Bill Clinton photo

Remarks at the National League of Cities' Congressional City Conference

March 12, 2000

Thank you very much. Mayor Knight, thank you for your leadership of the NLC and for your focus on eliminating racism. Mayor Archer, thank you for your speech and your many years of friendship to Hillary and me. Mayor Anderson; Executive Director Borut; we have the NACo president, Vernon Gray, here today, I know. And I want to thank Mickey Ibarra from the White House for being a good liaison for you and keeping me in touch with you over these years.

Appropriately enough for your commitment, Mr. Mayor, to eliminate racism, I'm thinking today that last Sunday at this time I was in Selma, Alabama, commemorating the 35th anniversary of Bloody Sunday, the march across the Edmund Pettus Bridge, with John Lewis, Hosea Williams, and many others, and the mayor of Selma, Governor Siegelman. And this time, when the marchers went across the bridge, the State police saluted them rather than beating them up. It was a great, great day.

I was talking last night with a gentleman who's worked in the White House for 28 years— not much older than me—and we were saying that it was hard to believe that when we were young men, people could still be killed for trying to vote in this country. So it's important that we recognize we have come a mighty long way. It is important that we recognize that in the last 7 years, as Dennis outlined, we have come a long way economically and socially.

But I want to focus—even though you were kind to say that, Dennis, I always feel when people talk about me now, I feel like I'm a witness at my own funeral. [Laughter] You know, I have nearly a year left in office and a lot of energy, and I've got a few ideas about what to do with the remaining time.

So I want to talk to you very briefly today about what I think we should do to be your partner in the endeavor to build this one America, devoid of racial bigotry, and what is involved economically and socially to make that happen. Dr. King said 35 years ago that we would never truly overcome until there was equal economic opportunity and hope for every American. So the first thing I would like to say is, I think it's quite important that we keep this economy going and that we spread its benefits to people and places who have been left behind.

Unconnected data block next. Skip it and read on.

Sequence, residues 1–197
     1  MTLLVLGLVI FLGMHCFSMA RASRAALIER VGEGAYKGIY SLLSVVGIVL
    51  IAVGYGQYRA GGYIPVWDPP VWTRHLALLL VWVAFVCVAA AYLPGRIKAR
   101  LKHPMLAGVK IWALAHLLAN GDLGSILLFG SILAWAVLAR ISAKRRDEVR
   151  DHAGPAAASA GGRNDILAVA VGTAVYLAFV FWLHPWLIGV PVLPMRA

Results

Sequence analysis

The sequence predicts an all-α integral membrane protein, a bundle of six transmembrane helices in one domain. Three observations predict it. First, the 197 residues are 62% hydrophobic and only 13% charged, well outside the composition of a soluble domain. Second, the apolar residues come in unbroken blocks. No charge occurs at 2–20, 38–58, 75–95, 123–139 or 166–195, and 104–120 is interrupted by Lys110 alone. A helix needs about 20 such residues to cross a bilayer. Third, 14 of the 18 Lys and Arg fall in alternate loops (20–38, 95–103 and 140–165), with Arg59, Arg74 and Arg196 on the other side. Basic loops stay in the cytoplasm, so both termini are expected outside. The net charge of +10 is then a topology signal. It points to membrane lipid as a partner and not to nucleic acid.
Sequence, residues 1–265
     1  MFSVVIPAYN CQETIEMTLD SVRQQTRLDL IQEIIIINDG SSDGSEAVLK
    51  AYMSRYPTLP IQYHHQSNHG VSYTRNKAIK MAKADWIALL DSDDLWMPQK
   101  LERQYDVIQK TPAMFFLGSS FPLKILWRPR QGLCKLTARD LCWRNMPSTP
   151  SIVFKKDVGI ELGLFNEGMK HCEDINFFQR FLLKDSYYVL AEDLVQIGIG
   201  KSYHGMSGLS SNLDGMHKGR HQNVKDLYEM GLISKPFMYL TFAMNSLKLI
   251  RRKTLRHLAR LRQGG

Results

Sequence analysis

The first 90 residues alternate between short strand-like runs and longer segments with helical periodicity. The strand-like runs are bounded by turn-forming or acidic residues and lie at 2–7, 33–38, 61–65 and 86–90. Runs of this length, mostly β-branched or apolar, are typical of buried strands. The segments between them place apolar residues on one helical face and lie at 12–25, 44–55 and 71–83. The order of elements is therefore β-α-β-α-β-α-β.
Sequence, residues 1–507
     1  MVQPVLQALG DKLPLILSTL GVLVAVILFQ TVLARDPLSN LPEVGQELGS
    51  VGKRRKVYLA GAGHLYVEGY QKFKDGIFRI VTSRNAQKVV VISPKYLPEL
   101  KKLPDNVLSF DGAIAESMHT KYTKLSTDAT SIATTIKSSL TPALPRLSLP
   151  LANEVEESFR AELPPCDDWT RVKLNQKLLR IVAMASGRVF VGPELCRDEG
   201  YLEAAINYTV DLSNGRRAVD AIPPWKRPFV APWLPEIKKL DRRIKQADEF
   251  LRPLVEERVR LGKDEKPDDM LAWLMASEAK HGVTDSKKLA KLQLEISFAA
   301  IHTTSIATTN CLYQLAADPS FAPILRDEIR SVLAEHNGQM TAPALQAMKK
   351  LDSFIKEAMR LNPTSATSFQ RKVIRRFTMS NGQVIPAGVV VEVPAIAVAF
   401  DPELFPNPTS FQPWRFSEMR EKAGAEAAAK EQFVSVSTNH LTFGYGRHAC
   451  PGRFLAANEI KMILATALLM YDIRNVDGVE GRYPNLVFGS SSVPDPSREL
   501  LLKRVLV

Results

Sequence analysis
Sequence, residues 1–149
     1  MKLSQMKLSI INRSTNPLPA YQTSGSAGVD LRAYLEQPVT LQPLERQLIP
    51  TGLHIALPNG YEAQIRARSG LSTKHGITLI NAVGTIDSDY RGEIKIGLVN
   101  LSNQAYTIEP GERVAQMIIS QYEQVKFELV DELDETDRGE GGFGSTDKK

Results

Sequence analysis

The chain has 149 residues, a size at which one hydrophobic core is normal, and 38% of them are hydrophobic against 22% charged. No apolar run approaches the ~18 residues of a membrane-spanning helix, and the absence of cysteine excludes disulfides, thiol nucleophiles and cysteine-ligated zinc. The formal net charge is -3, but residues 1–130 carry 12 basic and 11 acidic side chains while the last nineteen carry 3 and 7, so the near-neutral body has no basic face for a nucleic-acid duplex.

And to me, that means we have to have a big strategy, which is to keep interest rates as low as possible by continuing to pay down the debt; to continue to open markets around the world, which is why I think this China trade agreement's so important. We give up no market access, and they give us unprecedented market access for our farmers, for our manufacturing products, for our services. It's why I think it's important to save enough of this surplus to make sure we can accommodate the retirement of the baby boomers by saving Social Security and Medicare, because I think this is very important to maintain the overall health of the economy and structure of opportunity.

Then I think we need to build on the work that Vice President Gore and I have done for the last 7 years to expand the winner's circle. We increased the earned-income tax credit, which helped lift a couple million more Americans out of poverty. We raised the minimum wage. We passed the family and medical leave law that 20 million Americans have now used to take some time off from work.

But I think we should raise the minimum wage again, and I hope that all of you will support that. I believe we should increase the earned-income tax credit, and particularly try to do more to help parents who have more than two children, because they're actually disadvantaged by the law the way it works today. I think we should increase the number of empowerment zones and enterprise communities, because those that have done it have worked so well.

And I hope you will help me to pass my new markets initiative, which is designed to give businesses the same incentives to invest in Appalachia and the Mississippi Delta and the Rio Grande Valley and our Indian reservations that they now have to invest in Latin America or in Asia or in Africa. I want to continue to push this.